Upcoming Netflix episodes to include a "Treehouse of Horror"-style anthology, the show's first black and white episode, and more...
Credit: Christos Kalohoridis/Netflix

Below EW interviews Black Mirror creator Charlie Brooker about the upcoming fourth season of his Emmy-winning Netflix series. Don’t worry, Brooker avoids anything resembling a spoiler about his ever-twisty and twisted anthology drama, but he does offer several tantalizing teases about the new season, which includes the show’s first black and white episode, a 74-minute epic and a “Treehouse of Horror”-style anthology (a’ la “White Christmas”).

But first, you might want to watch this Black Mirror season 4 teaser video, if you haven’t already, which we refer to during the interview:

ENTERTAINMENT WEEKLY: Last season you described the episodes as a collection of outliers. At first glance from the teaser trailer, “U.S.S. Callister” aside, several of these seem like more traditional Black Mirror episodes?CHARLIES BROOKER: All the episodes are intrinsically Black Mirror and also aren’t. Like “Metalhead” [photo above] is very unlike any episode we’ve done before. It’s a deliberately paired down and brutal tale. If you imagine every season like an album, this is like a 2-minute punk single. Each is pretty different from every episode we’ve done before and it’s difficult to explain why until you’ve seen them.

The “Metalhead” teaser gave us a glimpse of one of those horrifying Boston Robotics-style robots and a woman running, which makes us suspect a bot has run amuck.
Your instincts are not entirely incorrect there. Weirdly, the inspiration for this episode was I was trying to set myself a challenge of how paired back can I get. What’s a literally black-and-white story we can tell?

In the teaser for “Arkangel,” we have a device and a child…
Tone wise, that’s almost within the world of an indie drama — and you could say that’s classic Black Mirror. It’s about a mother and a daughter and a technological opportunity that comes along that’s seized upon [and then Brooker laughs a bit wickedly].

How did you land Jodie Foster to direct? That’s a huge score.
Netflix had worked with her before and they suggested Jodie. We were like, “Really? You think she would?” We had a Skype conversation during which I managed to keep my cool and not freak out. She responded to the script and she had a lot of thoughts and suggestions on the characters so there were a lot of adjustments. She’s not just a gun for hire, she’s incredibly intelligent and comes in with some thoughts on the material. Which is what you want in a director because each story is a stand-alone [episode], so you want each to be idiosyncratic to that director. And she brought a lot of that.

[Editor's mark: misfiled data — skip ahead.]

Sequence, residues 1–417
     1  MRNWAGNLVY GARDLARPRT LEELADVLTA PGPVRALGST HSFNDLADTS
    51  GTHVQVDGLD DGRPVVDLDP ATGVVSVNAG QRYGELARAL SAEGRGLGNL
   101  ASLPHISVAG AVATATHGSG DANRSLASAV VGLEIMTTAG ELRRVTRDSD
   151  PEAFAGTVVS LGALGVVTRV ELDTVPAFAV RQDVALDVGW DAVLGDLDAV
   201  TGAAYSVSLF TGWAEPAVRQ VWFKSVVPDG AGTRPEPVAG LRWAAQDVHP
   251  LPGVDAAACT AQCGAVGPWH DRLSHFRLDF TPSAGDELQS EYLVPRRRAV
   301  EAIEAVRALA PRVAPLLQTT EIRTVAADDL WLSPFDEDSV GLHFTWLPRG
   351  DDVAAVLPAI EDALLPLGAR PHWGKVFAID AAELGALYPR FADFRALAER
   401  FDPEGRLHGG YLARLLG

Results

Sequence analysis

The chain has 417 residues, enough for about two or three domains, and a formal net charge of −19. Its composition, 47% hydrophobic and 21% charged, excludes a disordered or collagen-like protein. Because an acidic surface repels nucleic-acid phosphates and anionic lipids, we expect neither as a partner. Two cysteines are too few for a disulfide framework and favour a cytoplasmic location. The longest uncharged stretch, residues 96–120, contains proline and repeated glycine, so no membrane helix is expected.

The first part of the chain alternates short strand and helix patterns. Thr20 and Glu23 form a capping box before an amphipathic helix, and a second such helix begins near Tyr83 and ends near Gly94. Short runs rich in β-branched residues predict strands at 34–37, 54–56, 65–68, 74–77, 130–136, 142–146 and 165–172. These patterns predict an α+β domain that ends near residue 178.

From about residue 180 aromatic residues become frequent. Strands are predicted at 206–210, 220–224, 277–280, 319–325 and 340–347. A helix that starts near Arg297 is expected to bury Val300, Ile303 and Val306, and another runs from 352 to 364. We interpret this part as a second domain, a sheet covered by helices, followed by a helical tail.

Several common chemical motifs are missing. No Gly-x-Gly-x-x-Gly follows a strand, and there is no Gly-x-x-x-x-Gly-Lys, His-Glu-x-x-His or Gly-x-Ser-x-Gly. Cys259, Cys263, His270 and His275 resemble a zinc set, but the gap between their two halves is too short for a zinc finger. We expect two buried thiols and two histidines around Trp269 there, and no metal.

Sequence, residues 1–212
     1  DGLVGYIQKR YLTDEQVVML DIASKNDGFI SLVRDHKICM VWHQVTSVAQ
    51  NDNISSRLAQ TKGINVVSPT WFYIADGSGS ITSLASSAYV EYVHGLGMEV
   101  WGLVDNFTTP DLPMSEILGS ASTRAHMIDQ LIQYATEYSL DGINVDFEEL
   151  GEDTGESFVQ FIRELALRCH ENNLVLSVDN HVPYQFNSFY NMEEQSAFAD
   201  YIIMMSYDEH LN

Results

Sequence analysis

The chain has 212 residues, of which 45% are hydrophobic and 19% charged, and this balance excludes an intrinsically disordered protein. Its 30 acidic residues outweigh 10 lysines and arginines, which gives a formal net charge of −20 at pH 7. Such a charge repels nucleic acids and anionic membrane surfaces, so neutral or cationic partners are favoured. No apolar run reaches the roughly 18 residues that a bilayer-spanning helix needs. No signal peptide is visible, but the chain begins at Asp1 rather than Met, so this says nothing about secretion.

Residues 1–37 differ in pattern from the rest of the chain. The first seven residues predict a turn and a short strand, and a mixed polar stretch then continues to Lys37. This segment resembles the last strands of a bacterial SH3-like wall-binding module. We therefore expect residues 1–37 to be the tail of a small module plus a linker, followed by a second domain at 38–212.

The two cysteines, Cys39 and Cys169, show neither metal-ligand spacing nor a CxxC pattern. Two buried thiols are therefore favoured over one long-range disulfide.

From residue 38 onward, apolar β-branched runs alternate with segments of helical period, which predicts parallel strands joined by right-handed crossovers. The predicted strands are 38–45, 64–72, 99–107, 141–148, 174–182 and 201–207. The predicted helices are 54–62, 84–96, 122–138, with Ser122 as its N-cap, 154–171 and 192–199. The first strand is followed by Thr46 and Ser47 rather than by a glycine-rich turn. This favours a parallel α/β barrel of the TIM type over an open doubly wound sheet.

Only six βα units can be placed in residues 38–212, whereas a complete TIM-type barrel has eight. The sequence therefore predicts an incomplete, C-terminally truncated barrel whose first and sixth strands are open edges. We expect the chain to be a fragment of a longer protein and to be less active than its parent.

“U.S.S. Callister” is the WTF of the clips…
It certainly sticks out. Last time when we first released some images it was “San Junipero” that threw [fans], and that’s certainly the case with “Callister” this time around. In a way, [the story] is what it appears to be… and also obviously this is also Black Mirror. There’s certainly more to it than meets the eye.

Are they are other inspirations for that one other than the obvious — Star Trek?
There definitely was but if I say what it is then it gives it away. I will say there have been questions about how is Black Mirror going to address Trump and Brexit and the way the world is now. I kept saying, “Well it isn’t, really.” We tried not to think about that. But if you look at “Callister” there are some stuff that leaked in from the outside world. There is stuff that has to do with regimes, you could say, that’s not there and also very much there.

The vibe I got from “Crocodile” is isolation and paranoia. How far off am I?
Not entirely off! No one has guessed what that one’s about yet, probably because it’s got the most opaque title of all of them. That title tells you nothing, in the way that Reservoir Dogs doesn’t tell you anything about Reservoir Dogs. It’s a title that was echoing around in my head for all sorts of reasons that have no relation what’s going on there. So I’m happy to keep it that way. It’s a fairly taut story; it’s kind of a thriller…

For “Hang the DJ” you got the great Tim Van Patten (Game of Thrones) on board to direct and my guess on that one is some sort of dating app twist.
That’s not a million miles away. There’s a hint of that. It’s probably more societal. We’ve gone for lots of different tones this season. There’s a couple more comedic. There’s some that are not nihilistically horrible from beginning to end and there are others that are. This is one that’s more enjoyable [yet once again laughs].

“Black Museum.” Um, something to do with race relations?
No, a black museum in the U.K. is a crime museum. It’s a phrase I didn’t realize wasn’t a universal phrase. That’s a “Treehouse of Horror.” We did “White Christmas” before. The show itself is an anthology and that was an anthology within an anthology. I always wanted to do another one of those and that’s what this is. You’re getting several stories. “Tales from the Black Museum” we could have called it. There’s quite a lot going on there. We do little nods and winks to previous stories we’ve done.

Which is not something you normally ever do, right?